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Catch up on coronavirus stories and special reports, curated by Mike Allen everyday

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States that are relaxing coronavirus restrictions are making "a big mistake," President Biden told reporters on Wednesday, adding: "The last thing we need is Neanderthal thinking."

Driving the news: Texas Gov. Greg Abbott (R) said Wednesday he will end all coronavirus restrictions via executive order, although some businesses are continuing to ask patrons to wear face masks. Mississippi is lifting its mask mandate for all counties Wednesday, per Gov. Tate Reeves (R).

The big picture: Coronavirus cases, hospitalizations and deaths continue to fall across much of the U.S. and the Biden administration expects to produce enough vaccines for 300 million adults by the end of May.

  • But CDC director Rochelle Walensky warned states on Monday that "now is not the time" to lift public health restrictions.
  • While the average of 70,000 new infections and 2,000 daily deaths is nowhere near the extremely high levels recorded at the start of 2021, the figures are still a poor baseline to "stop a potential fourth surge" — especially with the threat posed by more contagious new variants, Walensky warned.

What they're saying: "I hope everybody realizes by now, these masks make a difference. We're on the cusp of being able to fundamentally change the nature of this disease because of the way in which we're able to get vaccines in people's arms," Biden said.

Video courtesy of NBC

Go deeper

The U.S. coronavirus vaccines aren't all the same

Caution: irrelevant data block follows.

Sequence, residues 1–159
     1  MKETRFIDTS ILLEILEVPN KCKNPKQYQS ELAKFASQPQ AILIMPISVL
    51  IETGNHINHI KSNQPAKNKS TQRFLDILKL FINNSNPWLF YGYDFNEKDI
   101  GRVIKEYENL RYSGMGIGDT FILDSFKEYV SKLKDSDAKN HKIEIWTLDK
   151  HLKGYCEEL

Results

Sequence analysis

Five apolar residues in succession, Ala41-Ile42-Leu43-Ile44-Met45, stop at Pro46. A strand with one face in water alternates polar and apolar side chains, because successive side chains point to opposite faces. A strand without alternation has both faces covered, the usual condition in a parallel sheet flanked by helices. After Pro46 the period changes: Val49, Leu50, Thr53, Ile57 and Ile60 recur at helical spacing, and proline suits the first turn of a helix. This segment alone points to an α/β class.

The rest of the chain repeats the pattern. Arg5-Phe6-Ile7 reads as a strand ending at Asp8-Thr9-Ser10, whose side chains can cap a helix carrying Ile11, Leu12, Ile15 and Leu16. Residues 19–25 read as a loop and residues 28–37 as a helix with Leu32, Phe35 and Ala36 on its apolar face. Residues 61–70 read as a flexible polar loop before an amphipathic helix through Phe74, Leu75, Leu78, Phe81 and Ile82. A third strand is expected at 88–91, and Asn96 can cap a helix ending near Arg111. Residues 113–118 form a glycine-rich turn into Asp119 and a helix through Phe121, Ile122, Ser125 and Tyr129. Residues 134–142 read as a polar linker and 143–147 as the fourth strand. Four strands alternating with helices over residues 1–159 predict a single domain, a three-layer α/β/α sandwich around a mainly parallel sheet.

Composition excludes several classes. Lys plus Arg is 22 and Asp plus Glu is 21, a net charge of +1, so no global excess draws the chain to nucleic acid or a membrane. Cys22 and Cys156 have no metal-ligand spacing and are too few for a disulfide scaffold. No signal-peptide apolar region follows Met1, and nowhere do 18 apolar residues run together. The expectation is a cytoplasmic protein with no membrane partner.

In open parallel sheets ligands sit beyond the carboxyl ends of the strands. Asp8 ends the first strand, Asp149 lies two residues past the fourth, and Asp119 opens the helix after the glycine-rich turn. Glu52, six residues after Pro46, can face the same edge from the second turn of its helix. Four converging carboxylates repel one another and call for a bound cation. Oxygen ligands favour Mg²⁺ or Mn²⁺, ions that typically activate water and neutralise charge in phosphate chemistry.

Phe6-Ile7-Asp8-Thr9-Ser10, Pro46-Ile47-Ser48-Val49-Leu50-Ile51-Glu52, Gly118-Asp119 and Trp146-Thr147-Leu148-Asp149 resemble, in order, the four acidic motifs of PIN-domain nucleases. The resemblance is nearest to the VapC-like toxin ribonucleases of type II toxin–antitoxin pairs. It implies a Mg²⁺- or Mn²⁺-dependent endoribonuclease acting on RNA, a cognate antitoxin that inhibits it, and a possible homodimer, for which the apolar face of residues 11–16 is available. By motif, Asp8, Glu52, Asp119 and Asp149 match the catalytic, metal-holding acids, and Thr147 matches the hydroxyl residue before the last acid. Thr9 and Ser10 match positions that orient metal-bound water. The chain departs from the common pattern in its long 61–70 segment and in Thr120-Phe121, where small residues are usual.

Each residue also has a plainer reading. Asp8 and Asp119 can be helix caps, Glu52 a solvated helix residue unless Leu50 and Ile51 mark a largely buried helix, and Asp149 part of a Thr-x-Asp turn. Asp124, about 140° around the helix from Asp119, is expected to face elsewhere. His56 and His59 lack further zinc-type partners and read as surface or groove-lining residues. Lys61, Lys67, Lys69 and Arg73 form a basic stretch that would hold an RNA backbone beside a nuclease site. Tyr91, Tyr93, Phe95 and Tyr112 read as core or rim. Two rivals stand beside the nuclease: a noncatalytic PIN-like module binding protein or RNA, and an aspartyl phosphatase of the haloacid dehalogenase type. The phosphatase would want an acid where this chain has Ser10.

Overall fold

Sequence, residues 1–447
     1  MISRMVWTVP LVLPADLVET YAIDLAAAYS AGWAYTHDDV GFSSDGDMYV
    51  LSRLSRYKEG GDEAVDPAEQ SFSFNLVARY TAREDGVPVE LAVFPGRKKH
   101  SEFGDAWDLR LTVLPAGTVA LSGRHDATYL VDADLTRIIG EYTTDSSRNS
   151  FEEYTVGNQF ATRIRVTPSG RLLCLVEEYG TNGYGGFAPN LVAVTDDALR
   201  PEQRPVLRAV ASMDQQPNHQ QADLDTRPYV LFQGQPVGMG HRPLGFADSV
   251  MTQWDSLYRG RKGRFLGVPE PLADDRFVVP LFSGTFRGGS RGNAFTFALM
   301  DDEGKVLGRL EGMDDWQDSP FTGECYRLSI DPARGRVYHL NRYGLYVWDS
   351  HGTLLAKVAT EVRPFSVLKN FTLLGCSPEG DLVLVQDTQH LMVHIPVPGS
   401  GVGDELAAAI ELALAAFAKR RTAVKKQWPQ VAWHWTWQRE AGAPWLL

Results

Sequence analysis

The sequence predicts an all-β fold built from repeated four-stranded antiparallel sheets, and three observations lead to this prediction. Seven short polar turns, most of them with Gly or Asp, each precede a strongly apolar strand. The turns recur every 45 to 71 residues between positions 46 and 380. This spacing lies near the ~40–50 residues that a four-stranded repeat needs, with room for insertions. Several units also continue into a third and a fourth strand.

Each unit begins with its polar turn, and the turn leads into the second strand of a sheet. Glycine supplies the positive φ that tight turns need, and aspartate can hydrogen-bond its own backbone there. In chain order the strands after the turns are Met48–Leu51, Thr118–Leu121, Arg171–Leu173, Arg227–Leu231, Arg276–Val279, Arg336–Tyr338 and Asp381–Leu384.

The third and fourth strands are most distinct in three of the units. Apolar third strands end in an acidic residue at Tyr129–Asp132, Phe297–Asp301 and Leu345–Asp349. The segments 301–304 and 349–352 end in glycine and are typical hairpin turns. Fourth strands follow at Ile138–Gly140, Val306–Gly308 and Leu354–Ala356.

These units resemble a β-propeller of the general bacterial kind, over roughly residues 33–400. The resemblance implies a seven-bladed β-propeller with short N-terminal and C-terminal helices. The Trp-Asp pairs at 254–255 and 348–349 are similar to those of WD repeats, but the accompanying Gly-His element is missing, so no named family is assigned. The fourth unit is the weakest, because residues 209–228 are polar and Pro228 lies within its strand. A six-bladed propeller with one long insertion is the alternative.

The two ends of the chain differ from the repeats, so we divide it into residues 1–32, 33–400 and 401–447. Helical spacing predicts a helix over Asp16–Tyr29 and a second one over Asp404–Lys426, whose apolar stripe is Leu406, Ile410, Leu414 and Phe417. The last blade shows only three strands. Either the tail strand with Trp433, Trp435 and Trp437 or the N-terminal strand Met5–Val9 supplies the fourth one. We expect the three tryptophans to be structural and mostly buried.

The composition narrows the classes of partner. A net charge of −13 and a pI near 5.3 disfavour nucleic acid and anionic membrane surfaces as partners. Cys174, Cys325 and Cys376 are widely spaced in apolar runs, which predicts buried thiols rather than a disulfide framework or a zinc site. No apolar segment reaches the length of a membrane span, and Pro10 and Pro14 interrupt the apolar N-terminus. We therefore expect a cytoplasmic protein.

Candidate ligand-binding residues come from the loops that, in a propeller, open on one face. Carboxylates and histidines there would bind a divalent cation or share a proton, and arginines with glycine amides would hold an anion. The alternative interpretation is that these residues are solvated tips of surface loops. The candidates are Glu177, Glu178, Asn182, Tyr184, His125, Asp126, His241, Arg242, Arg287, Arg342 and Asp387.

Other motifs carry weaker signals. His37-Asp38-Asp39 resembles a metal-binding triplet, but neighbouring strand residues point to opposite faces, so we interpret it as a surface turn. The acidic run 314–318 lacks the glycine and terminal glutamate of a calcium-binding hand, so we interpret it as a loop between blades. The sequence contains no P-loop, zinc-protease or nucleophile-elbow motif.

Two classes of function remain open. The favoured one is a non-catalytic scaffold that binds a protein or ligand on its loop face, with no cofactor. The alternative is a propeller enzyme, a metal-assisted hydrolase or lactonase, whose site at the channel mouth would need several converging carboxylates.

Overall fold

Illustration: Eniola Odetunde/Axios

The U.S. now has three COVID-19 vaccines, and public health officials are quick — and careful — to say there’s no bad option. But their effectiveness, manufacturing and distribution vary.

Why it matters: Any of the authorized vaccines are much better than no vaccine, especially for people at high risk of severe coronavirus infections. But their differences may fuel perceptions of inequity, and raise legitimate questions about the best way to use each one.

Caitlin Owens, author of Vitals
Mar 3, 2021 - Health

Biden sends teachers to front of vaccine line

Illustration: Eniola Odetunde/Axios

President Biden on Wednesday used the federal government to prioritize vaccinating teachers and child care workers, an effort to get kids back in schools, WashPost reports.

What he's saying: "My challenge to all states, territories and the District of Columbia is this: We want every educator, school staff member, child care worker to receive at least one shot by the end of the month of March," Biden said.

Fauci donates personal COVID-19 model to Smithsonian

Anthony Fauci, chief medical adviser to the White House, with the model, which shows the "components of the SARS-CoV-2 virion (the complete, infectious form of the virus), including the spike protein," per a statement. Photo: Smithsonian/National Museum of American History

NIAID director Anthony Fauci gave the Smithsonian's National Museum of American History his personal COVID-19 model Tuesday, as he was honored with the institution's Great Americans Medal.

The big picture: Fauci virtually presented the educational tool, made with a 3D printer, to museum director Anthea Hartig. She praised him in a statement for his "humanitarianism" and "dedication," helping to "save millions of lives" and advance the treatment and understanding of infectious and immunologic diseases. Fauci said in a video the medal was a "humbling honor."

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